Dianne Martin heads the administrative department of the courts

The New Hampshire Judicial Branch announces that Dianne Martin of Deerfield has assumed the position of Director of the Administrative Office of the Courts (AOC). Today is your first day in this post.

Prior to entering justice, Martin served as chair of the New Hampshire Public Utilities Commission (PUC), which she directed until the most recent establishment of the state’s Department of Energy. She previously held several positions in the Justice Department, most recently as Associate Attorney General and Chief of Staff, as well as a nationwide procurement specialist. She has also litigated at all levels of the New Hampshire Court System. Martin previously served as General Counsel for the New Hampshire Division for Juvenile Justice and in-house victim attorney at Concord Circuit Court.

Martin graduated from Saint Anselm College in 1996 with a Bachelor of Arts. She received her doctorate in law from Boston College Law School in 2002.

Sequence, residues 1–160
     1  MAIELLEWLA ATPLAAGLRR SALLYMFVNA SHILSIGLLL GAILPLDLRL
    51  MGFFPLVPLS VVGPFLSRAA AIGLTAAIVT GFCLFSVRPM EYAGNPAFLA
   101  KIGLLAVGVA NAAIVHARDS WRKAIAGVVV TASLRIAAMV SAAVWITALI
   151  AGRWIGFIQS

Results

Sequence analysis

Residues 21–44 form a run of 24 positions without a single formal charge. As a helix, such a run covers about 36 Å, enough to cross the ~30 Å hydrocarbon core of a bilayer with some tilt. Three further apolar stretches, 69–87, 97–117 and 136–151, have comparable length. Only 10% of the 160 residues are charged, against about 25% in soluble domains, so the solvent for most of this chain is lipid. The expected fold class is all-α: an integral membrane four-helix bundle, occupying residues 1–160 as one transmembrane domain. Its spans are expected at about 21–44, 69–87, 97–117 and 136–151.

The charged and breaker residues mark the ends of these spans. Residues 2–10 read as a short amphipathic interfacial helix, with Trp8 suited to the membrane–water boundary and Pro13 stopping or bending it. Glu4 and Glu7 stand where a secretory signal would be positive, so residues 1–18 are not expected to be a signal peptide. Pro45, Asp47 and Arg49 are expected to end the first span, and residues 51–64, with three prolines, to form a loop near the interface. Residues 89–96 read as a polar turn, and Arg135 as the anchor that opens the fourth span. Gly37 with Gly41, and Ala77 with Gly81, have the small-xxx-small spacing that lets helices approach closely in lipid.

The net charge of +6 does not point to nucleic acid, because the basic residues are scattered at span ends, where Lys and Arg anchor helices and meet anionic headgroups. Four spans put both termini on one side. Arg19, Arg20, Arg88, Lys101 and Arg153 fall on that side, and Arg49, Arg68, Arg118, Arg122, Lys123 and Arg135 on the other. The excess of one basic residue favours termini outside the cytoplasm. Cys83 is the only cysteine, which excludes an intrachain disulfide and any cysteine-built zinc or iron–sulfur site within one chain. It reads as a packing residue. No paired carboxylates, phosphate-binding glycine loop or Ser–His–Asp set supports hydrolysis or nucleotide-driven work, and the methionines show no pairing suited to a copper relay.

“Dianne is particularly well prepared to lead the administrative office of the courts,” said Gordon J. MacDonald, chief justice of the New Hampshire Supreme Court. “Her extensive experience as a senior executive in state government and her in-depth knowledge will be of great benefit to the judiciary if we move forward in implementing strategic initiatives to better serve the public. “

“I am honored to join the Justice Department and the Courts Administration Office,” said Dianne Martin. “As director of the AOC, I am delighted to be supporting the critical work of bringing New Hampshire citizens access to justice.”

Martin succeeds Christopher Keating, who left his position earlier this year after being confirmed as a district court judge. The Administrative Bureau of Courts assists the New Hampshire uniform judicial system in its constitutional responsibility for the administration of justice. The AOC is responsible for the judicial authorities’ nationwide functions in the areas of examination, communications, facilities, taxation, law, human resources, information technology and security.


Source link

Comments are closed.